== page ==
Golly it's been awhile since my last post! Been awfully busy showing my visiting cousin around Southern California while concurrently carrying on business/financial/academic type things.
While I was visiting Taiwan, one of the most well known members of Taipei's food blogging community invited me to a guided food excursion. That's right, folks, I'm speaking of Miss joanh, esteemed author of The Hungry Girl's Guide to Taipei! After weighing my locale options, I settled on Xi Men Ding, an area that was once the hangout for college students. (It has since then been bumped down to #2.) Tempting choices for food, shopping, and entertainment here are pretty extensive. Oh yes, this also applies to the co-eds. <3
In the above photo, the word "Food" accompanies two Chinese characters that translate to (pardon my colloquialism) "awesome food." A bold claim! Let's put it to the test.
First stop: A Chung Noodles
A fundamental street food in Taiwan. Very traditional. The taste is really hard for me to describe since we in the States don't really have something that's similar. I suppose I could say that a good bowl of mein xian tastes really meaty(pork) and a bit nutty with some white pepper, (good) soy sauce, and various spices thrown in. The consistency of the soup is thick and the noodles are vaguely like pho noodles in terms of texture. A good bowl of mein xian gives your tastebuds the sensation of eating a fat juicy steak, except in carb form. Seriously, your umami receptors get totally tweaked out.
A Chung has an American branch in San Gabriel (LA County) for those who are interested. I cannot say whether or not it measures up to standards, however, since I have not been there yet. Rest of my family says it's only "okay," though we are quite a picky bunch.
Second Stop: KFC
Third Stop: Almond Tofu (Forgot the name of the place, will update soon)
This is the dessert shop's #1 seller. Apparently many folks buy it to-go in bulk, but you can have it as a dine-in as well. The texture and consistency is very similar to Do Hua--smooth and silky. This is the real deal. Real almonds are used to make the tofu and milk, none of that processed fake crap. The result is a fresh clean feeling on your palate.
Now I was perfectly content with my almond tofu, but joanh ordered this behemoth that made my order seem so very very timid. I have no idea how they make this, but if you take a close look at the photo, you'll see that this isn't your run-of-the-mill shaved ice (aka grounded up ice). This has a silky, airy texture as evident through the bazillion layers and yet feels hefty like ice cream. Four "toppings" are found at the bottom, and the potential accompaniments are many. My favs will always be azuki, giant azuki, and peanuts.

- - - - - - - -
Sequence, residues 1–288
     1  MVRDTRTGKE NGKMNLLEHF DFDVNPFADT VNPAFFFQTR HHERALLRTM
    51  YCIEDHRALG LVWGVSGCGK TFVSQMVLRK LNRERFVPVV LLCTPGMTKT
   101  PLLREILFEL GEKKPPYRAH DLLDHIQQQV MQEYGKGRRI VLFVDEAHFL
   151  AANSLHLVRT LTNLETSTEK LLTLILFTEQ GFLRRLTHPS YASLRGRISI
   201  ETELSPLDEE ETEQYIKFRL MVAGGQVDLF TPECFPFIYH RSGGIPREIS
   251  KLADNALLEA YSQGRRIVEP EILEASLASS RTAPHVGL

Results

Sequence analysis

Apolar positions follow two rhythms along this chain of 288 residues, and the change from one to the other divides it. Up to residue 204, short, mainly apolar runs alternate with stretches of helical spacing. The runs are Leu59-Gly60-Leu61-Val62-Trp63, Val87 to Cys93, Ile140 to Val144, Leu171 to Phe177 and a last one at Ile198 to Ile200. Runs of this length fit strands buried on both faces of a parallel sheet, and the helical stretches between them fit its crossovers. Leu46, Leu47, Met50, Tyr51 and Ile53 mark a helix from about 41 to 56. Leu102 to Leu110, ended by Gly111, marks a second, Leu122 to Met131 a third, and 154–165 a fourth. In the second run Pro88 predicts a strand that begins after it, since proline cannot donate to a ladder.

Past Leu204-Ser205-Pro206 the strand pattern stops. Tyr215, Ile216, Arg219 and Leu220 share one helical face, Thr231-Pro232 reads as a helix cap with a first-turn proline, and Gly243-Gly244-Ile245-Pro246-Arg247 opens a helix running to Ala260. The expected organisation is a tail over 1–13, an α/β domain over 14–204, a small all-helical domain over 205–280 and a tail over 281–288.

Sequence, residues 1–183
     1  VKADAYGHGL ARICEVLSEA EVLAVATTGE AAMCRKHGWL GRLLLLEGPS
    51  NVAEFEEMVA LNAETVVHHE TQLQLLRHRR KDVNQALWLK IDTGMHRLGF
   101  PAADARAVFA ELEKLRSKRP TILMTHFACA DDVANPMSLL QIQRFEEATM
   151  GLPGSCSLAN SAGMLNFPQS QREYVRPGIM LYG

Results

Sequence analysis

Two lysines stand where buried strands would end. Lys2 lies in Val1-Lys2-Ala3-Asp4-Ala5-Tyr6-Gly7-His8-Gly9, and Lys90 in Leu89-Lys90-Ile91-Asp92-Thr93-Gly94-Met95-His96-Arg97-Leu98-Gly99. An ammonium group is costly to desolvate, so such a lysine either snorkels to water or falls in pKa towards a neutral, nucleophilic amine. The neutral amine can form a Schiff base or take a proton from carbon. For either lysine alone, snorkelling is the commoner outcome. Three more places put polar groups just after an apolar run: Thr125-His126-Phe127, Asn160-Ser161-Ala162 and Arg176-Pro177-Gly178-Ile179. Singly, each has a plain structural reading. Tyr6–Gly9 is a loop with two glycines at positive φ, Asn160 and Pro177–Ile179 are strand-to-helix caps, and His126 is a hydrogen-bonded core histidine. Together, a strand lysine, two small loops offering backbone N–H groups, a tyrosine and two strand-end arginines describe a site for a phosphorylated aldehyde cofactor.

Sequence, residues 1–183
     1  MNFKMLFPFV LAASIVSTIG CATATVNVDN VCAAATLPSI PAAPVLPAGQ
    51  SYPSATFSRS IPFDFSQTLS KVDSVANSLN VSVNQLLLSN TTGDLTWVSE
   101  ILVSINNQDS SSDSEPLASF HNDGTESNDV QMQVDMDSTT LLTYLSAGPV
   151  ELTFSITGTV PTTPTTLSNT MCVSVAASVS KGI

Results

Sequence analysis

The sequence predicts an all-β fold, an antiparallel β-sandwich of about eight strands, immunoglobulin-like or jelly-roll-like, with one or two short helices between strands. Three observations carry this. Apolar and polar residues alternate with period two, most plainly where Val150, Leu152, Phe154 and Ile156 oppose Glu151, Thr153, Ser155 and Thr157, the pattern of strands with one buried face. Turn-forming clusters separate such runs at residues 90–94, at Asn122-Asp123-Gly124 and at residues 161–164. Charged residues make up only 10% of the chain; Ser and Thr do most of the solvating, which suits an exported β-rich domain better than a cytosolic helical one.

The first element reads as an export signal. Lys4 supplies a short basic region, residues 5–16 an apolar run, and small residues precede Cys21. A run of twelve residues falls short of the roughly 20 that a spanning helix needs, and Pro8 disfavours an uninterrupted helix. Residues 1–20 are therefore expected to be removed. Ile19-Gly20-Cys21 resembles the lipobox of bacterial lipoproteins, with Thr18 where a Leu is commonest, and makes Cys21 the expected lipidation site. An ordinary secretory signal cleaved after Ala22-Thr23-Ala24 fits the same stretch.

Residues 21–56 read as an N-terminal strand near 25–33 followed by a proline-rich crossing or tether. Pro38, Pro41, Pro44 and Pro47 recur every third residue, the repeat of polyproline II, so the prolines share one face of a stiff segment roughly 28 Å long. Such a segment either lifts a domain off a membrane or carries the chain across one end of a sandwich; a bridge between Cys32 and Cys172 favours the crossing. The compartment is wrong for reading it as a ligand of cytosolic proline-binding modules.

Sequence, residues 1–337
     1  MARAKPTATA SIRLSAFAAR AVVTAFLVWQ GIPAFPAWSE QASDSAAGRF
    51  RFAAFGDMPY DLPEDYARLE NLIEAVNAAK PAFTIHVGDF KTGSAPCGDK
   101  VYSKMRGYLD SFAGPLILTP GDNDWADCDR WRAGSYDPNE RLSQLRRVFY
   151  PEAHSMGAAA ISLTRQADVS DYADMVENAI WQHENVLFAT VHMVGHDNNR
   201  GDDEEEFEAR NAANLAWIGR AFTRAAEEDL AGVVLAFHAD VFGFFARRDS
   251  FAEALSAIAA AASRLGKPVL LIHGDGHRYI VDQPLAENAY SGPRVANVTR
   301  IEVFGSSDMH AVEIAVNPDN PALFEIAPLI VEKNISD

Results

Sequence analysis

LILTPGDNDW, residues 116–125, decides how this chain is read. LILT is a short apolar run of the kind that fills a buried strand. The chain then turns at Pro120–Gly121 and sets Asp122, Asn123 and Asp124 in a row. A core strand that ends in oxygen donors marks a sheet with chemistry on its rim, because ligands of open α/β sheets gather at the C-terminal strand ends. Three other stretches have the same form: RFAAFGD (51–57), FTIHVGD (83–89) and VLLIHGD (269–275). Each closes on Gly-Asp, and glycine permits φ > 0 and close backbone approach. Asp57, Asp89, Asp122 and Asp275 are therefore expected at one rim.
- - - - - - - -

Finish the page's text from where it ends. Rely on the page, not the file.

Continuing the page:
Fourth Stop: Dumpling/Noodle House (will update with name once I find business card)
Joanh led me to a small alley in the outskirts of Xi Men Ding where a totally kickass dumpling/noodle house finds its customers via word of mouth. Many such treasures in Taiwan can be found if one is adventurous and willing to explore the ins and outs of a city.
The first thing I noticed was the skin. Just from appearance alone I knew we were in for a treat. Thick, Q (Chinese for "al-dente"), and house-made, a good wrapping skin is crucial for epic dumplings. Indeed, my initial observations proved to be correct. This was among one of the best dumplings I've had. My sole complaint is that the filling didn't have enough meaty oomph to it, but I'm splitting hairs here.
I love potstickers. As a kid growing up in Taiwan, I used to inhale them by the box for breakfast as I walked to school. Again, texture is a huge player. See how the chef manages to give the base a deep golden crisping while maintaining all the moistness of the rest of the potsticker? Yeah, that's fantastic technique. The combination of a crispy base coupled with the moist, chewy remainder is an absolute delight to eat. The filling is the same as the dumpling's but I guess since potstickers aren't boiled, the meatiness isn't lost.
On a side note, the house-made hot sauce is very much worth mentioning. Joanh attempted to coax the recipe out of the proprietor who was more than happy to oblige, but he (obviously) held back a few secret ingredients and techniques. Long story short, various peppers fried in peanut oil. You can learn more from Joanh's entry.
Fifth Stop: Ice Cream
A special thanks to Joanh for giving me a guided tour of Xi Men Ding! Be sure to hit up her blog if you ever travel to Taipei. It's only a matter of time before she maps out (nearly) all the great eats in this fascinating city.
Gawd I love Taiwan.